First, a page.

Bagley wins second term

Most assembly incumbents keep their seats; Glick ousts Navarre in District 2 contest

Posted: Wednesday, October 02, 2002

Kenai Peninsula Borough voters returned Mayor Dale Bagley to office for another three-year term Tuesday, handing him a decisive victory over his opponent, current Alaska House of Representatives member Ken Lancaster.

Meanwhile, nine-year member and current assembly president Tim Navarre was turned out of office by assembly member Betty Glick in the race for assembly District 2 (Kenai), a three-year term.

The assembly terms were either one-, two- or three-year terms to allow for a rotation of offices in future elections.

Bagley declined comment on his successful run for re-election Tuesday. Miffed that the Peninsula Clarion had endorsed Lancaster, he said only, "Since the Clarion endorsed Lancaster, I guess you can get your comments from him," before hanging up.

 

Kenai Peninsula Borough Mayor Dale Bagley

Roughly 20 percent of the eligible voters decided the race for mayor. Lancaster declined to read anything deeper into the election results than that the tally showed too few people participated.

"It's disappointing people don't get out and vote," he said. "It's one privilege we have left."

There were four other contested races for assembly seats.

John C. Davis of Kenai easily topped Ronald J. Johnson of Kenai in the race for assembly District 1, the Kalifornsky district, a one-year term. With three of five precincts counted, Davis led Johnson 663 to 310 votes.

"Personally, I was really tickled about it," Davis said. "Now we'll be getting away from that 5-4 vote against anything Dale (Bagley) did."

Davis said he doesn't expect any radical change in the assembly.

In assembly District 5 (Sterling), incumbent Grace E. Merkes beat challenger Marty Anderson handily for a three-year term. With three of five precincts reporting, Merkes had 644 votes to Anderson's 429.

In District 7 (Central), incumbent Paul Fischer of Tustumena successfully withstood challenges from two opponents and won re-election to a two-year term. With four of six precincts in, Fischer had 568 votes, while Paul Zimmerman of Kasilof had garnered 395 and Anchor Point resident Doug Ruzicka had gotten 60.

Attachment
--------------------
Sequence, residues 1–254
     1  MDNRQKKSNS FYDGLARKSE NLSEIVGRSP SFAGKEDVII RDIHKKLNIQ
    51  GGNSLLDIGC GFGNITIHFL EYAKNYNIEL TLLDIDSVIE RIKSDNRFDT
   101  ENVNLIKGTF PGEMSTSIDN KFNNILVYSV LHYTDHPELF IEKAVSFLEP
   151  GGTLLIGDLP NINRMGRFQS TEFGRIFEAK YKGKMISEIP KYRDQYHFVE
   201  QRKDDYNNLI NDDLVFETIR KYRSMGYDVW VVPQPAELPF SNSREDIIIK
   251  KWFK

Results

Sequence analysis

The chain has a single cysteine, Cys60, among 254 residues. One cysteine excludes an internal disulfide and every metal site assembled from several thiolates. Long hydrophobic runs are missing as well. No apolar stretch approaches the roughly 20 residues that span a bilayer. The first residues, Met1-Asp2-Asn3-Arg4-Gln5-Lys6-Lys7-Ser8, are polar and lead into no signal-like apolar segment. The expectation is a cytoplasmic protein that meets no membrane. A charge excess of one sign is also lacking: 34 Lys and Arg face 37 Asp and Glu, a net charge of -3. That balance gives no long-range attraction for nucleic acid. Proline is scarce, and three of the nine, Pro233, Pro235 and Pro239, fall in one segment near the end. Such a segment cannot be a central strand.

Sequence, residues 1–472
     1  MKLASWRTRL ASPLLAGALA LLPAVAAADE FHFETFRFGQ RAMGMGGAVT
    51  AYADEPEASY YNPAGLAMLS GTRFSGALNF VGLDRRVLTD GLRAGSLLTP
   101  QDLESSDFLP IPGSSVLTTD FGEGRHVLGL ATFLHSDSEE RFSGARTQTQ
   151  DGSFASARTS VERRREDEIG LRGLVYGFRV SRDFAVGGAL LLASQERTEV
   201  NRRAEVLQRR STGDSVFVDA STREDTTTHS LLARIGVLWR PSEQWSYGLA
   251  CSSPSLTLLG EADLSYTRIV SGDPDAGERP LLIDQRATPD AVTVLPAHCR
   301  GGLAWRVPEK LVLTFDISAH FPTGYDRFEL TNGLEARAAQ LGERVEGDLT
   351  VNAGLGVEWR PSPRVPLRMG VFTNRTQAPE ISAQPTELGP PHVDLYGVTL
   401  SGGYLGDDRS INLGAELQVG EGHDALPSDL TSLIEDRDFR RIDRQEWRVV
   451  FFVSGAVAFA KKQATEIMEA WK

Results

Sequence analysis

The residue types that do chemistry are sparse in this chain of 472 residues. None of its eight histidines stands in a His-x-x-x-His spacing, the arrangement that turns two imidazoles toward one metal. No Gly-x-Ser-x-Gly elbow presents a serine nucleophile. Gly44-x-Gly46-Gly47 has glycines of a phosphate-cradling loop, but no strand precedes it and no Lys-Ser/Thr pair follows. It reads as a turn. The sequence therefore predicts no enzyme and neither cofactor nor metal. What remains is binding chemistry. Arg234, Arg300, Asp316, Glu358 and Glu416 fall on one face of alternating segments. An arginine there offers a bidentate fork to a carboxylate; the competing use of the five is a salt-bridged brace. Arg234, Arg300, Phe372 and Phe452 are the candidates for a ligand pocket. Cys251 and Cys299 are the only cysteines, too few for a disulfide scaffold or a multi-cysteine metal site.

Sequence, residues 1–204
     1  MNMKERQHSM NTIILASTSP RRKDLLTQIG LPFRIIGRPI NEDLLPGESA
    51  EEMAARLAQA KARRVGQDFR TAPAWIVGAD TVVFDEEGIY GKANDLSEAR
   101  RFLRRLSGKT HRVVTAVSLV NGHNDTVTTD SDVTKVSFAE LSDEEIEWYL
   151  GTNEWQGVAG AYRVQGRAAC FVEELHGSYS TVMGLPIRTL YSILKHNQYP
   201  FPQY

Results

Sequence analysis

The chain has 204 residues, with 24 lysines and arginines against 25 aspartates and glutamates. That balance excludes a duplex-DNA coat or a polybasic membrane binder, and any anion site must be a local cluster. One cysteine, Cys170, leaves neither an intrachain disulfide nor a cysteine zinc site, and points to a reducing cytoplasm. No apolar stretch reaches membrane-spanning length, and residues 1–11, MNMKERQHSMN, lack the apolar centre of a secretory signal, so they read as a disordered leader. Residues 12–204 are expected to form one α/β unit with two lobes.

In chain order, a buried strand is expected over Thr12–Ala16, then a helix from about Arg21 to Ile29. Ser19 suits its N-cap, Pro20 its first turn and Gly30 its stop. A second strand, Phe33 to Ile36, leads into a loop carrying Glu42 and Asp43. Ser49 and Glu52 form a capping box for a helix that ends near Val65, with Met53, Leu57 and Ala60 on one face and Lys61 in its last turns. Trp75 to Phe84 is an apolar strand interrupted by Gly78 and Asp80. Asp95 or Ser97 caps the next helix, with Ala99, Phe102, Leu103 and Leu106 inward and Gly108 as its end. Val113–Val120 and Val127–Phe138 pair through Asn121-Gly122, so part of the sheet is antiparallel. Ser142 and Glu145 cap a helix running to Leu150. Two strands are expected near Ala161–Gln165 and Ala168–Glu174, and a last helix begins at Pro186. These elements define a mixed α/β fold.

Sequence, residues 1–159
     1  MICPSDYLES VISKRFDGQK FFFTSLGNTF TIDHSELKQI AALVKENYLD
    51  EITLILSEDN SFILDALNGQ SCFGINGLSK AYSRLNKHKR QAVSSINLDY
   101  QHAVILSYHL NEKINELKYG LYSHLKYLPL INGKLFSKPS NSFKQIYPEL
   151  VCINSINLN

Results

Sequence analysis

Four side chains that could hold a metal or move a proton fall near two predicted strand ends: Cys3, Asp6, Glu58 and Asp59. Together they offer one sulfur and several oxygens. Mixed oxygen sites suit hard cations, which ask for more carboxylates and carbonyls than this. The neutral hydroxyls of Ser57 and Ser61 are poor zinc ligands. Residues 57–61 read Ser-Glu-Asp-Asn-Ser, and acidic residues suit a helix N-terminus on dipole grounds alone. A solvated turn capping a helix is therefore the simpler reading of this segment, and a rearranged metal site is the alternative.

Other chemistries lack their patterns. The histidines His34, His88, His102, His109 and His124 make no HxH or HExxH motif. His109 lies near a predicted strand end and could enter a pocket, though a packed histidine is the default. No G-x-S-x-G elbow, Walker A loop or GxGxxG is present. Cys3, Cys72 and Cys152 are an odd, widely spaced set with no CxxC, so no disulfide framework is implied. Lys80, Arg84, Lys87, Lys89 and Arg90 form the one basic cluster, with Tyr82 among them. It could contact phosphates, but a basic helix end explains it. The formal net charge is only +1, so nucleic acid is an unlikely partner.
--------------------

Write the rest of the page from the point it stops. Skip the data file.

"I feel pretty good," Fischer said Tuesday night, adding he believed voters were generally satisfied with the way the borough is being run and said as much at the polls.

Down on the lower peninsula, incumbent Milli Martin defeated Faith Schade in the race for the South Peninsula district, assembly District 9. With four of seven precincts reporting, Martin led Schade 532 to 215.

"I'm quite happy and delighted," she said. "It tells me people support what I'm doing and what I plan on doing."

Commenting on other races, Martin said it was apparent Bagley has the support of the people and she looked forward to working with him for another three years. Martin will have to be re-elected again next year to make that happen. The District 9 race was for a one-year term.

In uncontested races, incumbent assembly member Pete Sprague, of Soldotna, easily won re-election to a two-year term from District 4, representing Soldotna, while assembly member Chris Moss, of Homer, took District 8, the Homer district, a three-year term.

It was redistricting that set up the Navarre-Glick contest.

Glick was appointed in June to fill a seat left vacant by Bill Popp, who resigned and took a job with the borough. Popp and Navarre had not been in the same district, but the new district boundaries put Glick and Navarre, both Kenai residents, into the new assembly District 2. With all but absentee and questioned ballots to be counted Tuesday, Glick led Navarre by more than 100 votes, 496 to 390.

"Well, ready or not, I guess I would say here I come," an elated Glick said Tuesday.

Glick has plenty of experience from which to draw. She spent 14 years on the assembly between 1982 and 1996, and then took six years out of politics until being appointed in June. She said she hasn't like what she's been seeing.

"I've been there 2 1/2 months and what I saw transpiring upset me," she said.

The assembly, she added, has lost touch with the limits of its duties in a second-class borough and she said she hopes that can be turned around.

"The Kenai Peninsula Borough Assembly needs to get back to passing legislation and let the mayor, whoever that might be, do his job as administrator," Glick said. "I was distressed at what I saw as a usurpation of power."

Glick also said she will cast a skeptical eye on spending for projects if those projects don't fit the second-class borough mold. She pointed to the CARTS (Central Area Rural Transportation System) program as a case in point.

"I object to the borough funding that with questionable authority," she said.

Glick acknowledged being surprised by her victory, but at the same time, pleased at the level of support voters showed her.

Navarre said he was disappointed but doesn't regret anything he has done while in office. He said voters essentially went for the status quo and, because both he and Glick ran low-key campaigns, doesn't think politics played much of a roll.

He did say the fact that he had been a candidate for mayor and then dropped out to make way for Lancaster may have been a factor because he had essentially taken sides in the mayor's race.

"I can live with it," he said. "Sure, I'm disappointed, but in a way I'm relieved. I've got plenty of things to do. I will stay involved in my community."

Navarre spent nine years on the assembly, the last two as its president. In that time, he has cultivated contacts with the Alaska delegation in Washington, D.C., and he said he hopes the assembly will keep that avenue of communication alive.



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